In this enclosed area I grow my vegetables in raised boxes. I can stand up and putter around with ease. In this box, my salad greens are ready to be thinned. Arugula, fennel, basil, parsley and sage grow among the various musculus mixes. I can decide to harvest just bibb lettuce for a special recipe, or escarole to use in a pasta dish.

Having a variety of greens makes it easy to plan meals.

Notice the bird netting, suspended by a metal pole, to keep birds and other critters out. The boxes will be equipped with drip irrigation on timers. Even if I ended up in a wheelchair, I could still manage to grow my own veggies here.

I have ten boxes, each with different variations. I'm even attempting to grow corn here; though, I don't think I've ever seen corn growing around these parts. This area faces south, and it is protected from the prevailing north winds that blow in summer. I might get lucky!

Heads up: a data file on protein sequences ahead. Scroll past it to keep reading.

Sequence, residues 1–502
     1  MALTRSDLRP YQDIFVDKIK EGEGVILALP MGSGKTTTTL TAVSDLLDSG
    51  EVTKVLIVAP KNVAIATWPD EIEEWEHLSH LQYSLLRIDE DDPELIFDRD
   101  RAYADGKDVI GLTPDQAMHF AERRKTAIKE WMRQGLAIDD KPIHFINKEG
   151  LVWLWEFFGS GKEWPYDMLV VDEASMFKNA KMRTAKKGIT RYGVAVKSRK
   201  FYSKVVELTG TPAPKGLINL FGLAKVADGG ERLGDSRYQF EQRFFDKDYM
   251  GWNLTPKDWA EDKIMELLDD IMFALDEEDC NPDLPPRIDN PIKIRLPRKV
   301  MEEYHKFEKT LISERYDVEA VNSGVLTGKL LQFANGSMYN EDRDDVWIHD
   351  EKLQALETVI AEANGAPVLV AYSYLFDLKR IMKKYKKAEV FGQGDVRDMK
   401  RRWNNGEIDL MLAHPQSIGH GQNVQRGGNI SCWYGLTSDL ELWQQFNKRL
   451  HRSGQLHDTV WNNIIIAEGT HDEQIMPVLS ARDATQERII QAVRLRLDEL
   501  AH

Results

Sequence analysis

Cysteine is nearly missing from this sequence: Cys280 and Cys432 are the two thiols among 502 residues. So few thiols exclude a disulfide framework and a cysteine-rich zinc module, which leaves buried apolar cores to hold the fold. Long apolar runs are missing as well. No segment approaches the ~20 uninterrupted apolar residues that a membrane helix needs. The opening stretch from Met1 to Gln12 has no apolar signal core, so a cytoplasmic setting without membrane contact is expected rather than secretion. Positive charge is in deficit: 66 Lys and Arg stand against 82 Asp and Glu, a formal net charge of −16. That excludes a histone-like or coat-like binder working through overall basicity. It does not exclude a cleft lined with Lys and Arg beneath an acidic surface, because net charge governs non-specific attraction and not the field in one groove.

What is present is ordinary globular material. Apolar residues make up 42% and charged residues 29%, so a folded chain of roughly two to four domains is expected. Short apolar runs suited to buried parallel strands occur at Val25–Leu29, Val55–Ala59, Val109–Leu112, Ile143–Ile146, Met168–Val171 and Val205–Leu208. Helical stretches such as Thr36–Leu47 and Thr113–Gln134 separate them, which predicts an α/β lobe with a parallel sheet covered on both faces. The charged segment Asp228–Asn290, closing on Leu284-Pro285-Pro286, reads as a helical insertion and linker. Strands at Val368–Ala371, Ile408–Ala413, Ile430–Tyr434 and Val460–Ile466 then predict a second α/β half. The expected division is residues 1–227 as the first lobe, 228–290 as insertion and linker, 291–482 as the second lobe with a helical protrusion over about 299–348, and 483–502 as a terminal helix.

We spend mornings down here, watering, weeding, planting.
With coffee at hand, we forget the world here,  listening to the ocean, picking berries, weeding roses.

We were meant to be in gardens.

Note: design and construction done by By-the-sea Gardens, in Bandon, and by Mike Hewitt Construction and Excavation in Port Orford. Our thanks to these fine professional for a job well done.

Friday, August 3, 2012


(Hubby, Jasmine, our granddaughter,  and me, February 2011, in LA.)

There were times, not too long ago, when we could drive to a museum across town; stop for lunch downtown; drive to another attraction; and get ourselves to the beach before rush hour traffic to enjoy the sunset on the Pacific.  We could get a good six hours or so of activity and another two-three hours of driving time in a single day.

Not now!

A year later, just a small cross-town jaunt to get groceries or plants will wear us out. We make appointments with our doctors for late in the morning, or for early afternoon, for instance. We give ourselves plenty of time to get up and get ready before hitting the road, and  make sure to carry snacks should we be stuck on the road for any reason.